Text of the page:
Last weekend I went to a workshop run by the Ministry of Stories, an organisation that helps children to develop skills and self-esteem through storytelling. In the workshop, we – a group of amateur and professional writers – had to collaborate to produce our own story, complete with cliffhanger, all in the space of 45 minutes. It’s what the kids at the Ministry do every week – how hard could it be for us?
We started out in a suitably surreal and promising place, with a badger called Daisy on the run from the government. We added minor characters: the Prime Minister (named Pamela Peterson), a secret agent whose heart just wasn’t in it any more. We were pleased with our imaginative prowess. But our workshop leader stopped us – apparently we adults were doing something that children never do.
We were rationalising our story right from the start. Once we’d established our government-thriller theme, we shaped all the following elements to fit – the prime minister, the secret agent. Children, however, see no problem in introducing a cowboy into their undersea adventure and teaming him up with a ballet-dancing beefeater.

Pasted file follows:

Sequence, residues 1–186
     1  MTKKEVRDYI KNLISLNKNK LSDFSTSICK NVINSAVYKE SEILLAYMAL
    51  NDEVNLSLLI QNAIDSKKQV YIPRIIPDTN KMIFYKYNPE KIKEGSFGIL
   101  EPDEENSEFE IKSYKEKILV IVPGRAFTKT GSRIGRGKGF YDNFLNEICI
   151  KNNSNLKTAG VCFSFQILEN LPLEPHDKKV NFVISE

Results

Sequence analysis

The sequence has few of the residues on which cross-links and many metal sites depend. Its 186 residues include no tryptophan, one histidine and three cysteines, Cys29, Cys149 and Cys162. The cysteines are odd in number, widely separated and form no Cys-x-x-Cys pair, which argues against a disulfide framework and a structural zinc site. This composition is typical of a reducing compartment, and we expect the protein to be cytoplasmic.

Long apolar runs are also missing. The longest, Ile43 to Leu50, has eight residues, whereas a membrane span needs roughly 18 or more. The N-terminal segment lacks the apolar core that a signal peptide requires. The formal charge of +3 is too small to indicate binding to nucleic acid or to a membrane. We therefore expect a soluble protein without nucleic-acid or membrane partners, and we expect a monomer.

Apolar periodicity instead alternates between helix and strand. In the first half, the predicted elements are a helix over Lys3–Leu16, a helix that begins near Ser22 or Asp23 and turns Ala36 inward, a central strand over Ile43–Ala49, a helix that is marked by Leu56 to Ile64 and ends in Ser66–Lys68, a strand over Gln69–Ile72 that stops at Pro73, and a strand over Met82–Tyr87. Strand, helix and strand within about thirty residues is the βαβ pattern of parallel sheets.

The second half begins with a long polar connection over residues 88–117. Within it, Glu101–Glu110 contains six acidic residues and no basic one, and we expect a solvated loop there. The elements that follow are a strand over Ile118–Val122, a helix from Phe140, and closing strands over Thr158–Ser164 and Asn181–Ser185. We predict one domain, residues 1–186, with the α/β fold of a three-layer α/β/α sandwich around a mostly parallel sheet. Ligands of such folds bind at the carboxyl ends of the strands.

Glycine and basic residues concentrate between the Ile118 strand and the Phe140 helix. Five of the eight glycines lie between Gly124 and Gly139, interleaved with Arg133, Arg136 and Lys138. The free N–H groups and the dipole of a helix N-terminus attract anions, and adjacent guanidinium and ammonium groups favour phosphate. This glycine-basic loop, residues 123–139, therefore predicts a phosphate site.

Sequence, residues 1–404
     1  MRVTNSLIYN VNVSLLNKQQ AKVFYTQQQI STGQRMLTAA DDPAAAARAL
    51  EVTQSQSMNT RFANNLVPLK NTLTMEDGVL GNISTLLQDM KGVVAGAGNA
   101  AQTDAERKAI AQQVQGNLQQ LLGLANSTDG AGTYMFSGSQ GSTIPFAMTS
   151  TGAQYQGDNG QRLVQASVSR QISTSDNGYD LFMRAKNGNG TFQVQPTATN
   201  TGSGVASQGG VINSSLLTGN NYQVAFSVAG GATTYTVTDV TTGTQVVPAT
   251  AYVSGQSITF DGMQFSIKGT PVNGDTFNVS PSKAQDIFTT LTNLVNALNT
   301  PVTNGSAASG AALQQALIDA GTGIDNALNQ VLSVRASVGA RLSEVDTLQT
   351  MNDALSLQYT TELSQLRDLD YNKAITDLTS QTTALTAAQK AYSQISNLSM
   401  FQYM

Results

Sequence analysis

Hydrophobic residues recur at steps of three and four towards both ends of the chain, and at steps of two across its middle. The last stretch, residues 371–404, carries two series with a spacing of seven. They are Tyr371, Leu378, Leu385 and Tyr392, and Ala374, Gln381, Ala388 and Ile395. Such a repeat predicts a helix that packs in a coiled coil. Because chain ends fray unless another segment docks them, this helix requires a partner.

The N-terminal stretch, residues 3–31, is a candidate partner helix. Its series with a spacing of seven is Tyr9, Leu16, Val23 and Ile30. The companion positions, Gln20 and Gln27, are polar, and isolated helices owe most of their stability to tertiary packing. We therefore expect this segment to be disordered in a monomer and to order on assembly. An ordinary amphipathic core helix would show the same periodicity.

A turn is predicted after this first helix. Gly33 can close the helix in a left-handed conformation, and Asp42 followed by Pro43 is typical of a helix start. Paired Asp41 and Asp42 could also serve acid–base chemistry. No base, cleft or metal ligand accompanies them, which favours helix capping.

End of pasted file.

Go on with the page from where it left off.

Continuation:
It made me think about how we writers can overthink things. In the Ministry of Stories workshops, children keep their minds open – they leave themselves open to outrageous, ridiculous, hilarious opportunities that could actually make theirs a great story. We, however, start to end-game. We start to think about what people expect us to say. We’re so busy doing all this that we can forget what we’d actually like to say. It’s like the train company that is so worried about sounding professional that it decides to ‘apologise for the inconvenience caused to your journey’ – probably the most hateful, inhuman apology-of-an-apology in history – instead of telling customers that they’re ‘sorry we made you late today’.
What happened to Daisy the badger? Well, I guess you’ll have to wait for the major motion picture to find out. In the meantime, I’m going to try and go back to a time when I was smaller, and start thinking bigger.